Member States were obliged to transpose by 2013 the VAT Directive ensuring equal treatment for eInvoicing with paper invoices. The Commission requested Member States for the initial evaluation of the implementation of e-invoicing but almost no Member State could provide concrete data.
What is the problem? Different national VAT rules for paper and electronic invoices limit the use of e-invoicing
Member States adopted various domestic rules which govern the validity and acceptability of e-invoices within their own countries. This makes it difficult to use e-invoicing across the EU.
Compared to paper invoices, e-invoices offer huge advantages for companies. They can be processed quickly and cheaply with no postal delays or costs. The mass adoption of e-invoicing within the EU could generate savings of around € 240 billion over a six-year period.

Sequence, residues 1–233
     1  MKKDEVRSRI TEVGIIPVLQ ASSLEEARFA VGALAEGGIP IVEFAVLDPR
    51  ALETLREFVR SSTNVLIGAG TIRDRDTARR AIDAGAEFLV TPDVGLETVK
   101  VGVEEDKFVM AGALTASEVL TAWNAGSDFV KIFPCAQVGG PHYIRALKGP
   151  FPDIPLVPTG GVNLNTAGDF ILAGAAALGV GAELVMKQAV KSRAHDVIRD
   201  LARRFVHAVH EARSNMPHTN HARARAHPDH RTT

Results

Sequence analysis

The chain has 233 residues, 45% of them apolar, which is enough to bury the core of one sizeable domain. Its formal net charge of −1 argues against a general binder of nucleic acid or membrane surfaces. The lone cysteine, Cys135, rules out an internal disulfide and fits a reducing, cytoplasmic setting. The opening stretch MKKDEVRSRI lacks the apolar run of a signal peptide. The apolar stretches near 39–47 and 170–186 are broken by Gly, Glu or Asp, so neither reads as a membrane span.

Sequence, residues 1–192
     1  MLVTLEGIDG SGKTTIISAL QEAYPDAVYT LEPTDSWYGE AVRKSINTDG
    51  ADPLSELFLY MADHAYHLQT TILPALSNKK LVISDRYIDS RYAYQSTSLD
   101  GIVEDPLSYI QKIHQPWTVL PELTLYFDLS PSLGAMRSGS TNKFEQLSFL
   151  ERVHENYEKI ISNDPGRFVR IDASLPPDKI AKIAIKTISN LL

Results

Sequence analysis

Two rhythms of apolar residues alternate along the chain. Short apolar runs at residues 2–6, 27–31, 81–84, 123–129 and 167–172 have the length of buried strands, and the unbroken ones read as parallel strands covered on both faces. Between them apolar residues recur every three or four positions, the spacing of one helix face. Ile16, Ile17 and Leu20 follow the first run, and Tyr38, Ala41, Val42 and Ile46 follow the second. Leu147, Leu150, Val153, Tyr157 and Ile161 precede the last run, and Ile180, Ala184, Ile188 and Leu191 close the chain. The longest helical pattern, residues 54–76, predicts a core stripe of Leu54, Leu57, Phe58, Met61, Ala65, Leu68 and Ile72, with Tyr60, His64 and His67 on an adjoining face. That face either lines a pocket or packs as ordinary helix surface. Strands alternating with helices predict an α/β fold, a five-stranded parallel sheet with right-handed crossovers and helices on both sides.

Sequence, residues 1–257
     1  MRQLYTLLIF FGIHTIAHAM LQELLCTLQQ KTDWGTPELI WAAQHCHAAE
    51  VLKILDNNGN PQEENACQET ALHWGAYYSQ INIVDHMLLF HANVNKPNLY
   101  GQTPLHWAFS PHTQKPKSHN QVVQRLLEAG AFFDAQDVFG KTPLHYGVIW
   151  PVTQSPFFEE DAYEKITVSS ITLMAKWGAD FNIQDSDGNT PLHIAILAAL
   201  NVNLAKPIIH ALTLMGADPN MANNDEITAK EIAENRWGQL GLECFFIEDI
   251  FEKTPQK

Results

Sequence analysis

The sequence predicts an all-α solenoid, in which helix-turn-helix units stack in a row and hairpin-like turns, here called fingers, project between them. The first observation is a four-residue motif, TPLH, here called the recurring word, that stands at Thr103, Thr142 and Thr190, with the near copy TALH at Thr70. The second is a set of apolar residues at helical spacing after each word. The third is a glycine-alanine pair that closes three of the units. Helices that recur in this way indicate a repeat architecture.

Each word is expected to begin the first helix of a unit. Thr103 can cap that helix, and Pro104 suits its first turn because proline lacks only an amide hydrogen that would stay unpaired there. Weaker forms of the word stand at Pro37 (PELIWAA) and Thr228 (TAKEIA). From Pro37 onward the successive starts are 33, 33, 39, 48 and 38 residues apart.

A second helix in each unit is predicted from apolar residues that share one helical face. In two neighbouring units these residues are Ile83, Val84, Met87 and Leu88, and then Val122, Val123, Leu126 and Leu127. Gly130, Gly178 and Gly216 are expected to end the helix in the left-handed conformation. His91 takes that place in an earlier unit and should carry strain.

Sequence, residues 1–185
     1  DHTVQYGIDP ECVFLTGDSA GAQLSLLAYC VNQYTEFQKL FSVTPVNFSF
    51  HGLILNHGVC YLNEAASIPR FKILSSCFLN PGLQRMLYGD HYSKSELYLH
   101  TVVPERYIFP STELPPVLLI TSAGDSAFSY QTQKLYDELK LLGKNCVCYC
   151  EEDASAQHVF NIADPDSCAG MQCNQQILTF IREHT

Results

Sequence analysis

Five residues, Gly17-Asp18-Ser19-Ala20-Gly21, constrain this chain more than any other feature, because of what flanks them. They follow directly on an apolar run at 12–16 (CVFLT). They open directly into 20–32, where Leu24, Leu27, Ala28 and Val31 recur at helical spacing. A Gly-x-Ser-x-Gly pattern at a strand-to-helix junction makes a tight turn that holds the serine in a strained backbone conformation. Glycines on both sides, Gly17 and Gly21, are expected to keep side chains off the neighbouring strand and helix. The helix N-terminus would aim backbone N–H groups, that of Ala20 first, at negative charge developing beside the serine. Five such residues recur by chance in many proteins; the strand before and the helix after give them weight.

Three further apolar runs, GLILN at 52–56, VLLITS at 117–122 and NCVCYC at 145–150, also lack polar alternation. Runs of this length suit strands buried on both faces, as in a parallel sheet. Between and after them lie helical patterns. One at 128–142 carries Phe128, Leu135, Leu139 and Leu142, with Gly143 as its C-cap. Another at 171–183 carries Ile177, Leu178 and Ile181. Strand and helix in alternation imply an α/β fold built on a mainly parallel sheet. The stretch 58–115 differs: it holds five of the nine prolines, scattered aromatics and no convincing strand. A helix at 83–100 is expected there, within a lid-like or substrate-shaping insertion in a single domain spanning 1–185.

Why is EU action needed? To extend the benefits of eInvoicing to cross-border transactions
The European market for electronic payments and eInvoicing is still fragmented (see also action 7). Only in an integrated payment market will it be possible for enterprises and consumers to rely on safe and efficient online payment methods.
What has the Commission done so far?
On 13 July 2010 the Council adopted Directive 2010/45/EU (amending Directive 2006/112/EC) which sets out new VAT rules for e-invoicing and removes the obstacles to the uptake of e-invoicing by creating equal treatment between paper and e-invoices, while also ensuring that no additional requirements are imposed on paper invoices.
On 16 April 2014, the European Parliament and the Council reached agreement on the Directive on e-invoicing in public procurement.
What will the Member States and the Commission do?
Member States were obliged to transpose this Directive into national law by 1st January 2013. The Commission regularly monitors the transposition of this Directive into national law.